Similar to no. 3…I find it very helpful to have a “send this post to” link to make it easy for users to tell their friends! I know I use this feature a lot and often pass over a post when I can’t do it. (I also use it as a reminder to read longer posts I don’t have time to read right then.

  36. Wojtek says:

    Thanks dude! It’s very interesting to read about all these quirky techniques :)

  37. joost says:

    good tips, especially make sure to check your feed works

  38. Dave Sherman says:

    Write comments on other people’s blogs daily and make sure your URL is added so when someone reads your comment they can then connect to your blog. This has been the best way for me to get people to read my blog.
    http://blog109.org/communities/dsherman/default.aspx

  39. Of course, a lot of your visitors are going to initially come to the HTML version of your site through search engines like Google. So, by bringing in as many people through search, you increase the odds of your RSS subscribers going up. And HitTail http://www.hittail.com is a great way to do that http://www.hittail.com because it provides suggested writing topics for your blog.

  40. Rick says:

    Yeah…good content is always a draw, too.

  41. Tamara says:

    There should also be a way for the subscribers to easily email an interesting post to others who maybe interested. That’s a way of bringing in more subscribers.

  42. Roy says:

    Thanks for sharing such a helpfull information. I am runing a few blogs on my own and always looking for ways to promote and impruve readership to my blogs. One way I use is RSS feed and I have been getting good results. I resently have added to my arcenal to promote not only my blog but some other projects, an article directory. I am inviting article writers to post their original articles to my directory, and they will get a great oportunity to present their expertices to a wide range of audience, and by adding an info box to the articles they can draw traffic to their own blogs and webpages.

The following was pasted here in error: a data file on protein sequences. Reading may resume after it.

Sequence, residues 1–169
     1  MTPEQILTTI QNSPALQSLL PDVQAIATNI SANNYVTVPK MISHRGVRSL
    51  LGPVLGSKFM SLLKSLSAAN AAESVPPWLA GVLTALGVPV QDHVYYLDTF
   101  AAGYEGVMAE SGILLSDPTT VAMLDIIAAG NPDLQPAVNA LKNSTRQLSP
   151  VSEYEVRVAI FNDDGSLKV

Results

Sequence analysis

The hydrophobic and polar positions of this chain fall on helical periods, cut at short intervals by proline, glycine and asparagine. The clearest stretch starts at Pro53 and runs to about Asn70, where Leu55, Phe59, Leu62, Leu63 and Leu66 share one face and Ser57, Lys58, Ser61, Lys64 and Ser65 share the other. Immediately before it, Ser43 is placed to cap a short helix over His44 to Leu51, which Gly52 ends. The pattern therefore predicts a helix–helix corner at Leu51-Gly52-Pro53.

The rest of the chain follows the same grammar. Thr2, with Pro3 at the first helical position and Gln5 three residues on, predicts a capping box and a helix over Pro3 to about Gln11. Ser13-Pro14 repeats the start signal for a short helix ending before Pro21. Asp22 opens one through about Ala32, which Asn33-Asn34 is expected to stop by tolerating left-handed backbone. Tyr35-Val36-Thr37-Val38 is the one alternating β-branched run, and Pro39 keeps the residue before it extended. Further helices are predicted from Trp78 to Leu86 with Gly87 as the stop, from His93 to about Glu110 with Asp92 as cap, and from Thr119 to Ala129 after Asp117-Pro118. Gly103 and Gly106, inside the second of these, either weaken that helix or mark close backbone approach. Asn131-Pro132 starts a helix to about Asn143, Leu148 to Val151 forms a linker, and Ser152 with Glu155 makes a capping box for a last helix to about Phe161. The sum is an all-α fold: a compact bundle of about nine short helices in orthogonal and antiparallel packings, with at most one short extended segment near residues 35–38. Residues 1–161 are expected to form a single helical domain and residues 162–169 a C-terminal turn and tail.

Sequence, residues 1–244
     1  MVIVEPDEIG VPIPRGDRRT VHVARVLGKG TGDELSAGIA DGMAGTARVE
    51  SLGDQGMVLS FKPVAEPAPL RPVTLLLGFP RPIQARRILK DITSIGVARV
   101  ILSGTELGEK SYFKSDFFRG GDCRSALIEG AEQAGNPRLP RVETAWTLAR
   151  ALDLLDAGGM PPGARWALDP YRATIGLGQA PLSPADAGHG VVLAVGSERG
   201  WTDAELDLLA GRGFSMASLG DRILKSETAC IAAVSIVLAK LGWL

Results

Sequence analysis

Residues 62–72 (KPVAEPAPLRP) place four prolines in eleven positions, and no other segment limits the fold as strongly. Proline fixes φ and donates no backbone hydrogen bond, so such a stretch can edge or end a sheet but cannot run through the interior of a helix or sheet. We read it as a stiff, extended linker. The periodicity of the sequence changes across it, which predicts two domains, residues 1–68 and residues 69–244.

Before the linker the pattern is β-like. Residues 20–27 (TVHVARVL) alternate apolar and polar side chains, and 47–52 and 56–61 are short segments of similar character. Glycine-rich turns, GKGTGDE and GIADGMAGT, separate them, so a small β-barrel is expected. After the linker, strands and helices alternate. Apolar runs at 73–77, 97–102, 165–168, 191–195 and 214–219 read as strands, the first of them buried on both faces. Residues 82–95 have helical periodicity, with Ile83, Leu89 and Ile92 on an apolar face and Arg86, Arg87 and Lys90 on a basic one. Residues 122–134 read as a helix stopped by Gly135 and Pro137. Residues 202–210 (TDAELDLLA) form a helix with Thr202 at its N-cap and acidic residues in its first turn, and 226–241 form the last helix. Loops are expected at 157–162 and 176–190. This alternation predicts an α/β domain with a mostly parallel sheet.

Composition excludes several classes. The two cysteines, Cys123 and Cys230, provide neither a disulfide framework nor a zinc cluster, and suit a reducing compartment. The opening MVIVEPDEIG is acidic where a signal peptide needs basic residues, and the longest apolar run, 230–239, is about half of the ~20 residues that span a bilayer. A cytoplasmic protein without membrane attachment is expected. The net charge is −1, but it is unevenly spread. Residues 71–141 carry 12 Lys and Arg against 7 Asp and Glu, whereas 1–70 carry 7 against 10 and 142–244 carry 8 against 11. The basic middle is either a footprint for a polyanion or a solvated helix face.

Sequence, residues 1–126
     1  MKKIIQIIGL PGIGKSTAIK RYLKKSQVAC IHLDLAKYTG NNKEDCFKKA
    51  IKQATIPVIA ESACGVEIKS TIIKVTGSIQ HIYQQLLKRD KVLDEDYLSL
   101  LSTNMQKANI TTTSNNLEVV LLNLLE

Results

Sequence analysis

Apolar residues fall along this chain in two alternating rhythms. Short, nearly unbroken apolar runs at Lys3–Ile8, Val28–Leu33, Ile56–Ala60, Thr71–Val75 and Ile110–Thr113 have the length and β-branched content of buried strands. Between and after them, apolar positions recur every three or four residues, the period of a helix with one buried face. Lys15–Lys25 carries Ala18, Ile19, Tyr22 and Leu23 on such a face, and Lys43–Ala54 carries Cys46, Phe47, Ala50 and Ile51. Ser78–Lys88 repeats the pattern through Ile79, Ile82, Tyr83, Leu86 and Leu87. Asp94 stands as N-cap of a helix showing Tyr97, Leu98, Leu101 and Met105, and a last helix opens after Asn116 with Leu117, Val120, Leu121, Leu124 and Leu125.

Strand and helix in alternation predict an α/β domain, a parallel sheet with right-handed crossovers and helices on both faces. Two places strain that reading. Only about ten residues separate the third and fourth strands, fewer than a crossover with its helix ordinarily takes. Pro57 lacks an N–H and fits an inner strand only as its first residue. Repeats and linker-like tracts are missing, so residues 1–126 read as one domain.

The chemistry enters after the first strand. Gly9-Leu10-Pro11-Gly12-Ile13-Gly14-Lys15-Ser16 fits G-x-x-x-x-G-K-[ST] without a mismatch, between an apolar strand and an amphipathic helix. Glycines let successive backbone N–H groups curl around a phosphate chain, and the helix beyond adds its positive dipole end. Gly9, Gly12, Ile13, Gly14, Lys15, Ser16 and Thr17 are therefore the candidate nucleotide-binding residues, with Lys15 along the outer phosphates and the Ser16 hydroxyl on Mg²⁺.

I’m sure this technic will help those collige blogers like me, out there.

    Thanks,
    Roy from RoysArticlesDirectory.ez-2.net

  43. Alex says:

    this is an excellent post, two of the concepts really stood out for me here, #1 and #5,
    my used to be little rss button is now a whole lot bigger and prettified, it would be hard to miss it. And it seems that i completely forgot that some people just don’t use rss, ill soon be adding my own subscribe by email button to my site,
    thanks, alex

  44. Kekoa says:

    Fantastic post!

    I’ve been doing 1, 2, 7, 8, and 10 for a while now, but I’ve just implemented 4. The ironic part was, I was already in the process of writing an entry about RSS, but your post helped me realize that the entry could be a tool I could use to educate people on how to use RSS in the first place. I suppose I was too assuming of my audience.

    Thanks!

  45. Rob says:

    I guess it’s about time to show that big RSS logo on my site.

  46. Subscriber numbers truly are relative. I have just launched a Feedburner competition on Sciencetext.com. Double your count before Labor Day and you could win a free text link on the site.

    Visit the site for for tips on how to boost your feed readers

  47. Hope you don’t mind my posting twice in a row on the same post. I’ve just taken the grandiose step of launching Click an Orange Day to promote RSS to feed the world.

    db

  48. Kothama says:

    Thanks Darren,

    As always you are very good at your arguments. I learned lots and lots of things from your blog. I have incorporated Feedburner Chicklet after reading your articles and i have seen considerable increase in the number of people who have subscribed to my blog. My blog is a very new one 2 month old baby with around 400 hits a day. Let me see how many people will subscribe to my Feeds.

    http://analogstuff.blogspot.com

  49. Madison Rowe says:

    thanks for the advice. I’ve been trying to incorporate a lot of these ideas in the last week since my site has gone live. i hope i can attract an audience..its slow starting but i guess thats the way it usually is…

    -maddie

  50. I found another simple way to boost “readers” – install Odiogo. My Sciencebase.com site has about 2600 RSS readers according to Feedburner, that doesn’t include the 1000 email subscribers via Yahoo nor subscribers to individual site categories, but I thought…I want more!!! So, I installed the auto-podcasting plugin Odiogo. Just got stats for the summer from them and discover that through September the site had 1000+ listeners. Can’t be bad. That’s an almost 40% increase on FB subscriber numbers.

    db